English 45B

Literature in English: Late-17th Through Mid-19th Centuries

Section Semester Instructor Time Location Course Areas
2 Fall 2014 Langan, Celeste
MW 3-4 + discussion secctions F 3-4 213 Wheeler


On the face of it, English 45B seems like a “neither/nor” course; neither a course in the great English "originals" (Chaucer, Spenser, Shakespeare, Milton) nor a course in “modern(ist)” literature. It represents neither the supposed “origin” nor the putative “end” of literature in English; it’s only the middle, and a peculiarly defined middle at that: from the “Glorious Revolution” that legitimated an extra-national monarch for Great Britain to the end of a Civil War in that former British colony, “America.” But it's also the age of democratic revolutions, and students electing to take this course will discover that the writers in this (middle) period defined or redefined—in their practices as well as in their prefaces—virtually every idea that governs our attitudes toward “literature” and literacy. We’ll examine how Alexander Pope makes English into an artificial language that “belongs” to no particular class; we’ll see how letters are the means by which former “nobodies”—women and slaves—exercise a measure of freedom and autonomy.  We'll consider the "strange power of speech" that informs revolutionary "declarations," and how that power is theorized in the work of Wordsworth, Coleridge, and Shelley. But we’ll also see the supposedly liberatory, democratizing power of letters and of literature challenged—by Dickens, in Bleak House, and Melville, in “Bartleby the Scrivener.” As we consider Romantic attempts to redefine poetry and Emerson’s and Thoreau’s attempt to write new kinds of prose, we’ll also ask more general questions: what constitutes the “novelty” of literature; if novelty or “originality” is a value, what is the point of reading literature of the past?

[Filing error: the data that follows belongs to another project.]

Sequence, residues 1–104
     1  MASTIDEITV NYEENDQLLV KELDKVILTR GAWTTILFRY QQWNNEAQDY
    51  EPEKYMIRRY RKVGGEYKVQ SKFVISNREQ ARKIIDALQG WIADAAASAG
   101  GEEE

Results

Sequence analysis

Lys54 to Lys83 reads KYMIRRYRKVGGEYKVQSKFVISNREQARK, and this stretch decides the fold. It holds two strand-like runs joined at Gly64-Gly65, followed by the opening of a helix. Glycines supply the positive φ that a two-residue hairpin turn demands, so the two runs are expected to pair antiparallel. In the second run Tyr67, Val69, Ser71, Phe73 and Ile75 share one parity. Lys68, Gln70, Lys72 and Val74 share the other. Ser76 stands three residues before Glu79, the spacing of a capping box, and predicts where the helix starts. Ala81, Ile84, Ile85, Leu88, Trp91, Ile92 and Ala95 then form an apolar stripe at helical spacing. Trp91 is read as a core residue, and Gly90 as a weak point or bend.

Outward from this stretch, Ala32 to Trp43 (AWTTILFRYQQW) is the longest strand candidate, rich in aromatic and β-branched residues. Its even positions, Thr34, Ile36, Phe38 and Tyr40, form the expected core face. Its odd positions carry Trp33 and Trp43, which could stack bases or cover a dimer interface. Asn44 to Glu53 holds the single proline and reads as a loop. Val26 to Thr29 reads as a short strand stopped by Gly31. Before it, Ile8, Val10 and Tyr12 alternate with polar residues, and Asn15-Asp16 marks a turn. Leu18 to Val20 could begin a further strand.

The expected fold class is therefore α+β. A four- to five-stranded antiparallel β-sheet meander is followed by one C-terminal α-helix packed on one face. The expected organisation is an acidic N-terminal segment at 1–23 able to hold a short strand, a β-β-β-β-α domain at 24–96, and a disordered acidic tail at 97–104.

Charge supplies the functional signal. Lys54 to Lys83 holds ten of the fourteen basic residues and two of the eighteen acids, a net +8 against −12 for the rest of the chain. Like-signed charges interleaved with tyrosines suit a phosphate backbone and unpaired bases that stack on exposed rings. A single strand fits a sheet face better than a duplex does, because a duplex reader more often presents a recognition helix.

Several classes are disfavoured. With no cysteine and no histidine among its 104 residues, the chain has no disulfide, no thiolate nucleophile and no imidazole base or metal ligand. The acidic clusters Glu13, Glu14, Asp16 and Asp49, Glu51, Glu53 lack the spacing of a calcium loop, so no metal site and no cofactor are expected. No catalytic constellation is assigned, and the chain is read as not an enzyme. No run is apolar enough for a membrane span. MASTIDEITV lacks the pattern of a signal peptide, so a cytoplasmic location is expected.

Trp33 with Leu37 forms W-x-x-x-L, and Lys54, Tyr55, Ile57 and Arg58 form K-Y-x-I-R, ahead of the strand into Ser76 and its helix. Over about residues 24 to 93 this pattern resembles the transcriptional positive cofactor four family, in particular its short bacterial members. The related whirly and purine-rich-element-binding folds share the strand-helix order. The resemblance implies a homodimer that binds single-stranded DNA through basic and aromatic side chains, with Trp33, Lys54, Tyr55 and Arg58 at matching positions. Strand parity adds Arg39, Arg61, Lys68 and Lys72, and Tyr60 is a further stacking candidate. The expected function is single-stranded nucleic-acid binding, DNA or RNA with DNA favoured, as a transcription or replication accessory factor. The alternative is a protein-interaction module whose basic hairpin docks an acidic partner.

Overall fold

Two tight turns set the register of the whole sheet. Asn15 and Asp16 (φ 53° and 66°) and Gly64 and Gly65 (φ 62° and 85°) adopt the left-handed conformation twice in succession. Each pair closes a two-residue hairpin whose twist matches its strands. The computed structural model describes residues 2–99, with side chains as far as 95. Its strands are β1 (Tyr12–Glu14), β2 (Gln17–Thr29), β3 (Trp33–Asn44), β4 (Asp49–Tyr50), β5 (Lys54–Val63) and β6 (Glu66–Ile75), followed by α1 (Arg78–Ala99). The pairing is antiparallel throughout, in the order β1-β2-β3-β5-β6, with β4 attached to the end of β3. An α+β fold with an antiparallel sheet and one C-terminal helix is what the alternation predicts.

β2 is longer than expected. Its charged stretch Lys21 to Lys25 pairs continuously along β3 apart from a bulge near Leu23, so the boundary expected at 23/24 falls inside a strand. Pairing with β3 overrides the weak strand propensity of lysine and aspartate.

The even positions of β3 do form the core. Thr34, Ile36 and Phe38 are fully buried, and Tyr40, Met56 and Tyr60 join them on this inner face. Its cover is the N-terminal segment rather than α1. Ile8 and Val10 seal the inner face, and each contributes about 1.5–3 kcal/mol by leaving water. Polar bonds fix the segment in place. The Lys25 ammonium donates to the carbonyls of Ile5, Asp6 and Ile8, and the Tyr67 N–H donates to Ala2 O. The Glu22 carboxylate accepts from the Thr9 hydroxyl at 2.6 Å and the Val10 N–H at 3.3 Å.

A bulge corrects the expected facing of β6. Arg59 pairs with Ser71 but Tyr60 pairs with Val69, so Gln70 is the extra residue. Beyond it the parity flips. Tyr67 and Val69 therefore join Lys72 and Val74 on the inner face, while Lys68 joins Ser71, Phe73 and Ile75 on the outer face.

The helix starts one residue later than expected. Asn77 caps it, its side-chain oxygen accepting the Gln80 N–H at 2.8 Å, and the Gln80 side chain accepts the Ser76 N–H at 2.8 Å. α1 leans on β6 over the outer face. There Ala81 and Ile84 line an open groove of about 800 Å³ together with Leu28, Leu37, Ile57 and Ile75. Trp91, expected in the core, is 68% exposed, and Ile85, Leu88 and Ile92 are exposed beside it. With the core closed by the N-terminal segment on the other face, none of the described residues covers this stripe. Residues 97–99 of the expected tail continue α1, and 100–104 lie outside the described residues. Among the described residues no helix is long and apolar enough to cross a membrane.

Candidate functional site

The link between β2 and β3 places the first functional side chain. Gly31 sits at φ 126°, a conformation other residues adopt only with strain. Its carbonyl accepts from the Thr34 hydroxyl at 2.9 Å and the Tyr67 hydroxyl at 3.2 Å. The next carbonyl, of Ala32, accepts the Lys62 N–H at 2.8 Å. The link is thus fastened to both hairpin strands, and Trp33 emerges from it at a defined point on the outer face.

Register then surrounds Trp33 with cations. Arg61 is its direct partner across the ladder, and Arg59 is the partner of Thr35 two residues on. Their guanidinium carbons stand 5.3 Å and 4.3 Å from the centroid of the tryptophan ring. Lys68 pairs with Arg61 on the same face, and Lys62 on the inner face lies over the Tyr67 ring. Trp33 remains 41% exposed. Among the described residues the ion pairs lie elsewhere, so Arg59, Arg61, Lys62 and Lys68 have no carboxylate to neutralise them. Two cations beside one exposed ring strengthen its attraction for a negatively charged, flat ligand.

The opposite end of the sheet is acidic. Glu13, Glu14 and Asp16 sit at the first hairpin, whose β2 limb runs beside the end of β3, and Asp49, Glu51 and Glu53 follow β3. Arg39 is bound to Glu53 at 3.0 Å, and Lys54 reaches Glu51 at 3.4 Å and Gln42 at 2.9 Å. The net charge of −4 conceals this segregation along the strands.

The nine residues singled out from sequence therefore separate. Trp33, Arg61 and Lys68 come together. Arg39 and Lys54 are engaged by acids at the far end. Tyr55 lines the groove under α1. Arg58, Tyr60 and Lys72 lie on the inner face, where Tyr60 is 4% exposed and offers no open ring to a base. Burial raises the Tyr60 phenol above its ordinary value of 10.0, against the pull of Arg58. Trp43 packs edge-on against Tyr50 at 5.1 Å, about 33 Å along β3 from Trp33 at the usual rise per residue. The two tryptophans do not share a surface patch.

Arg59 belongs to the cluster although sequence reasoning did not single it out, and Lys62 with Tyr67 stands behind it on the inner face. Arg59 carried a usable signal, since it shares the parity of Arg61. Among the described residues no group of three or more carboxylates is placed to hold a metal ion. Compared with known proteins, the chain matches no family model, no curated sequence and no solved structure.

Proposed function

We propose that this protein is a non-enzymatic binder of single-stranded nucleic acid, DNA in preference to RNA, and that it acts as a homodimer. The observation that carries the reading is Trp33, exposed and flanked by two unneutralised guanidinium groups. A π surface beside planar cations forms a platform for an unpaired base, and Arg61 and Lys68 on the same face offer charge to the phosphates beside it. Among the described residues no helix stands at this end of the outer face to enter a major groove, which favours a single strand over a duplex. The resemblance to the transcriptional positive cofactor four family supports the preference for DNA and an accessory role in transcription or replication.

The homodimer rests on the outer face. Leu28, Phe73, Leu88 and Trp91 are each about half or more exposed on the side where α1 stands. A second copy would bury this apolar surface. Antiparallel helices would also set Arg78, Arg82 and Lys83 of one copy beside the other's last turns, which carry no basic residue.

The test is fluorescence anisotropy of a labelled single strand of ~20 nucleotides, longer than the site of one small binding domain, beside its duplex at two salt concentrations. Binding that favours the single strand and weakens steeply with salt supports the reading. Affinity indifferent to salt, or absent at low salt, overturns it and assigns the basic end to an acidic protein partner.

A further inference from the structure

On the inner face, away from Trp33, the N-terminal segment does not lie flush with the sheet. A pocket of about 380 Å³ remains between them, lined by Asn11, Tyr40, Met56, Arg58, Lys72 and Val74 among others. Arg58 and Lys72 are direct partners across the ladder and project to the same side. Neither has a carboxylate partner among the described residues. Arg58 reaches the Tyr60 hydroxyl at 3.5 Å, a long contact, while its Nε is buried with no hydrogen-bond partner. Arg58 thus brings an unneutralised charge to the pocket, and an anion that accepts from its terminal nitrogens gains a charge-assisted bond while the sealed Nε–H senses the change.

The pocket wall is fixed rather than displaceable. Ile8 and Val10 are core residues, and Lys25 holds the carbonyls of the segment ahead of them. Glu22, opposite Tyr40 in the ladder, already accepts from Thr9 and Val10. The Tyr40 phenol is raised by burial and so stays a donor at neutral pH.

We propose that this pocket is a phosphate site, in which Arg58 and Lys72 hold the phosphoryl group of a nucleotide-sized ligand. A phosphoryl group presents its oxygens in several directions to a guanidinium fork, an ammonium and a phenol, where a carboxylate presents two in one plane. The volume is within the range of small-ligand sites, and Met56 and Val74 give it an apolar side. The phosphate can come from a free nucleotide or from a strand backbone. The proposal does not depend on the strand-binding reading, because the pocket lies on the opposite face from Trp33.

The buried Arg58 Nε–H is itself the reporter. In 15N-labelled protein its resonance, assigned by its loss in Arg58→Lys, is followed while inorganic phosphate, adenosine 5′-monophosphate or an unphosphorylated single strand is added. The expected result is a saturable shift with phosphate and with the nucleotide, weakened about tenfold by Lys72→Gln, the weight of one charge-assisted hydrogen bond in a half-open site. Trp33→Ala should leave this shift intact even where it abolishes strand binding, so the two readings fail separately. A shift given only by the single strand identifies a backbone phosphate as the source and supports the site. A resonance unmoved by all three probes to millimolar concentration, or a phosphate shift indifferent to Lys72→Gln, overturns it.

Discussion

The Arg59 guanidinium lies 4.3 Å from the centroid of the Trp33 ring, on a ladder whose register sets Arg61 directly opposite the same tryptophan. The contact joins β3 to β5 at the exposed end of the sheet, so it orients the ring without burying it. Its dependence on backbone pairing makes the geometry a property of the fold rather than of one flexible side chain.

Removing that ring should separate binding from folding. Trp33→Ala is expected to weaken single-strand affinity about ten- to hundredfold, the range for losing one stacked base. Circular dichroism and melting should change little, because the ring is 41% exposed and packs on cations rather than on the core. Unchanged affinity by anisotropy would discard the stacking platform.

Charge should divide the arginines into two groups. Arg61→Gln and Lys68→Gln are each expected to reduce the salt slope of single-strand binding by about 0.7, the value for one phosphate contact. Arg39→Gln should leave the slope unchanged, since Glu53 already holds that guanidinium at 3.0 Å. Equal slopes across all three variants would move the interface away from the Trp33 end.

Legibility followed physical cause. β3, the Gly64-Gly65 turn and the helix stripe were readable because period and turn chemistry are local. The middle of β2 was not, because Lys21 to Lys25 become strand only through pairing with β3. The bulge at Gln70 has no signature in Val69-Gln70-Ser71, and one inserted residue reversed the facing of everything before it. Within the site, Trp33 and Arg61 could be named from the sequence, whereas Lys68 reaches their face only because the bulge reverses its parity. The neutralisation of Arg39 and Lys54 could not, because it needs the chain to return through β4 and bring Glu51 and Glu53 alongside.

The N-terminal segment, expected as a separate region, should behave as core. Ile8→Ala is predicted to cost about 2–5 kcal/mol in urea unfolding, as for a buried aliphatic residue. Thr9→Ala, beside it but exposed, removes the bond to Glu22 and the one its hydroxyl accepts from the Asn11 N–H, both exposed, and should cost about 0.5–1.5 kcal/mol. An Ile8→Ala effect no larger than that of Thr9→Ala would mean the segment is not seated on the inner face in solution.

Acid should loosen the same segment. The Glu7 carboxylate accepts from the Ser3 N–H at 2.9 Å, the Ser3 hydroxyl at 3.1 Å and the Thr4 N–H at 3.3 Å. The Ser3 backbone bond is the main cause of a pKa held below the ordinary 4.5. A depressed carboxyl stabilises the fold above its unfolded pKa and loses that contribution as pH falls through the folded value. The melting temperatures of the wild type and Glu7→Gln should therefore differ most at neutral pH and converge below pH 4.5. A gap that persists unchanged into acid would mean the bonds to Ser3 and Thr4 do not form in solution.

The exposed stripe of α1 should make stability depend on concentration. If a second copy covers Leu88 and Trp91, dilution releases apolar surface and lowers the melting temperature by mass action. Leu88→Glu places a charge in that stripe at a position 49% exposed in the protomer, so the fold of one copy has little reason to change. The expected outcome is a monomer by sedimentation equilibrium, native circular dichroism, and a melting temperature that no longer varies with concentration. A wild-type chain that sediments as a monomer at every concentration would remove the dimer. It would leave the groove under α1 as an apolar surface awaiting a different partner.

Tentative reading list:  Defoe, D.: Robinson Crusoe; Richardson, S., Pope, A.: The Rape of the Lock; Swift, J.: Gulliver's Travels (Book IV); Sterne, L.: A Sentimental Journey; The Norton Anthology of American Literature, volumes A and B; The Norton Anthology of English Literature, volume C; Wordsworth and Coleridge: Lyrical Ballads; Shelley, M.: Frankenstein; Dickens, C.: Bleak House

Please note that this class will first meet on Wednesday, September 3; discussion sections will not start being held until Friday, September 5.

Discussion Sections

201 Albernaz, Joseph
F 3-4 24 Wheeler
202 Benjamin, Daniel
F 3-4 121 Wheeler

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